Well-designed economic and social infrastructure (e.g. transport links, energy and utilities, schools and hospitals) is the backbone of economic productivity and social and environmental well-being.
Emerging and developing countries have huge demands for better mobility and energy-generation infrastructure to deliver improved living standards. In advanced economies, there is an urgent need to replace high-carbon infrastructure or to upgrade ageing assets to accommodate new technologies. Infrastructure investments last for decades.
Getting these milestone investments right can speed up low-carbon, climate-resilient transitions and leapfrog generations of polluting and inefﬁcient technology. Getting them wrong could lock in emissions for decades and create risks of stranded assets costing hundreds of billions of dollars, for example, in Investments that have already been made in oil and gas, coal and other fossil fuels.
In 2017, the Organisation for Economic Co-operation and Development (OECD) estimated that, from 2016–2030, USD 6. 9 trillion dollars were needed annually to align planned infrastructure with the Paris and Sustainable Development Agenda goals. The estimated shortfall is around USD 3 trillion each year, a sum few public actors can afford.
Blended ﬁnance aims to mobilise private investors to help ﬁll the ﬁnancing gap. It strategically uses public and philanthropic development ﬁnance to reduce ﬁnancing risk for proﬁt-seeking actors whose actions can support job creation and reduce conﬂict and instability. Development capital is paid into funds that combine with commercial ﬁnance or are delivered directly through vehicles such as default insurance and loan-guarantee instruments. Blended funds report that they can mobilise up to 12 dollars in private-sector funding for every dollar raised in grants.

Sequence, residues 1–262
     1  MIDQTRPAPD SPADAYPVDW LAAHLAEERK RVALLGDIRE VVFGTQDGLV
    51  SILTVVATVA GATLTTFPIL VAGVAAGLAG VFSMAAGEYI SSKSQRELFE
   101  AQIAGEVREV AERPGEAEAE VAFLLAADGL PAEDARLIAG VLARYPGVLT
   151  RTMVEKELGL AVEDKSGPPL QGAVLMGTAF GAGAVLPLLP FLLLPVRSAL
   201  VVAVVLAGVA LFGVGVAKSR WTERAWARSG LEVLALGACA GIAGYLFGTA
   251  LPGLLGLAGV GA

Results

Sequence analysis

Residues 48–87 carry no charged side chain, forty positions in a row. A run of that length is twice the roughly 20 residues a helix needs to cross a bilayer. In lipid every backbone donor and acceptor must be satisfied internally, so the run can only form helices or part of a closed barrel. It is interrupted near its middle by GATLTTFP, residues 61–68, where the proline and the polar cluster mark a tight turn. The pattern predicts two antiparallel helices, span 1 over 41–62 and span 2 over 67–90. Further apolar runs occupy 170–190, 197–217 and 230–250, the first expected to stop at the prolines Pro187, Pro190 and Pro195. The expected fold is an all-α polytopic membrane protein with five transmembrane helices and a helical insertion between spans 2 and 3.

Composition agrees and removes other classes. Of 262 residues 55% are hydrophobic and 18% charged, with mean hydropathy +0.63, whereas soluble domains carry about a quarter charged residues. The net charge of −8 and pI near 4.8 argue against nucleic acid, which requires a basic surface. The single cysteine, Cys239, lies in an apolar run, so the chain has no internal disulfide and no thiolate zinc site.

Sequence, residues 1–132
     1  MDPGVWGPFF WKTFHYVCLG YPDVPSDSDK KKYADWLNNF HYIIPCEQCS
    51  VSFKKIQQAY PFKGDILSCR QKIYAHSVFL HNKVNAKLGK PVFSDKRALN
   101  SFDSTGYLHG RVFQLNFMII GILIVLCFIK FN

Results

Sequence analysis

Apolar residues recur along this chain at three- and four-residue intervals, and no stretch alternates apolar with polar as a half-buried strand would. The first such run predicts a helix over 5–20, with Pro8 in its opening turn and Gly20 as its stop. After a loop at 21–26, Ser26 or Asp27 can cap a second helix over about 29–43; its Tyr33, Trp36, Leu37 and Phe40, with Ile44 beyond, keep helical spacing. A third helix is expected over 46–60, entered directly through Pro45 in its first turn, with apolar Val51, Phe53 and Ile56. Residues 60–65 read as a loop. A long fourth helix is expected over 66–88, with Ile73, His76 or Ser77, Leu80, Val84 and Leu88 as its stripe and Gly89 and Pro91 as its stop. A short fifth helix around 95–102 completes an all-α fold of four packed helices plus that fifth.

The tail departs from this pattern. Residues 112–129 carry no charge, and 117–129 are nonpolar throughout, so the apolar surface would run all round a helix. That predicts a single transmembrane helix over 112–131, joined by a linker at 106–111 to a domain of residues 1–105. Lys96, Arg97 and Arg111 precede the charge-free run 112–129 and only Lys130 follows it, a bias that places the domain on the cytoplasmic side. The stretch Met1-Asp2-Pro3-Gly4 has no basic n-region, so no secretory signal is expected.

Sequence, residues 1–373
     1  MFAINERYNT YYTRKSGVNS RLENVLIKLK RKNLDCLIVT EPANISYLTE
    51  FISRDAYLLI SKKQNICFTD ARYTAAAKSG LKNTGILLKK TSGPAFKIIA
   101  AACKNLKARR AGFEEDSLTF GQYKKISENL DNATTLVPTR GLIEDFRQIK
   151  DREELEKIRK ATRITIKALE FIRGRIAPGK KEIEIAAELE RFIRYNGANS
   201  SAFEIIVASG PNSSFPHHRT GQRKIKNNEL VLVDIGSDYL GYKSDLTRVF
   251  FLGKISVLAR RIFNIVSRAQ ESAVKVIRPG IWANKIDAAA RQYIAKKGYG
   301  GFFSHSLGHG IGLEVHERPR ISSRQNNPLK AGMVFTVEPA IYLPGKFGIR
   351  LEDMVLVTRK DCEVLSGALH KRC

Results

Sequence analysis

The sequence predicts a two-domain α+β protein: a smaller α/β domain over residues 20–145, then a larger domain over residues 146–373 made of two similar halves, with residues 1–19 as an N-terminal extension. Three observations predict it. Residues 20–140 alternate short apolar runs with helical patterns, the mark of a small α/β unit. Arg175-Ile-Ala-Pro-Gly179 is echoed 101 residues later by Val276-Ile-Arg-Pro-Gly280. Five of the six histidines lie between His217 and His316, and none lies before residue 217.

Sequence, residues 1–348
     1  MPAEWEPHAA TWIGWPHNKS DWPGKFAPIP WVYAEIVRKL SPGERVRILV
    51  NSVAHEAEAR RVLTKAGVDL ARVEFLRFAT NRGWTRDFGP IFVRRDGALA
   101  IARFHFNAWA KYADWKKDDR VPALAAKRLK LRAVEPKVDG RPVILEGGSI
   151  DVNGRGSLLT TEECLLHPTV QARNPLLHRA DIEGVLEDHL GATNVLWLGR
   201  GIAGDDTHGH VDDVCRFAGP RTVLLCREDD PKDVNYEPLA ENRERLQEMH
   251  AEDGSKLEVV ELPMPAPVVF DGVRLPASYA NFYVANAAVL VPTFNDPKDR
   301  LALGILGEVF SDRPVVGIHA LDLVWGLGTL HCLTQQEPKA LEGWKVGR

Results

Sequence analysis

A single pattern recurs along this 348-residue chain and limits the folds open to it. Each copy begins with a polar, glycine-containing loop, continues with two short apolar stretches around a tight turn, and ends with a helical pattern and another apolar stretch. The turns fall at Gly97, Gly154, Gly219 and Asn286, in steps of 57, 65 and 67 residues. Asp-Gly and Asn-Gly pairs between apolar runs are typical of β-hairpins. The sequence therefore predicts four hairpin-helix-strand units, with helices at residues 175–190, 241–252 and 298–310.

In 2017, the European Union launched the External Investment Plan (EIP) ﬂagship initiative to provide blended ﬁnance through loans and guarantees to mobilise private investment, including in Africa. Under the EIP, EUR 4.6 billion is expected to mobilise EUR 44 billion in sustainable investments by the end of 2020. In addition to supporting renewable energy and urban infrastructure, through the European Sustainable Development Fund, the EIP also seeks to support small and medium-sized enterprises, digitalisation and agricultural initiatives.
Other blended initiatives include platforms such as a Sustainable Development Investment Partnership, and Convergence, the Blended Finance Network.
Post-COVID-19, there are new opportunities for governments to direct recovery packages towards green infrastructure. This will no doubt include measures that build on the learning already achieved through blended approaches targeted at unlocking even larger investment pools, such as the USD 89-trillion global institutional investor market.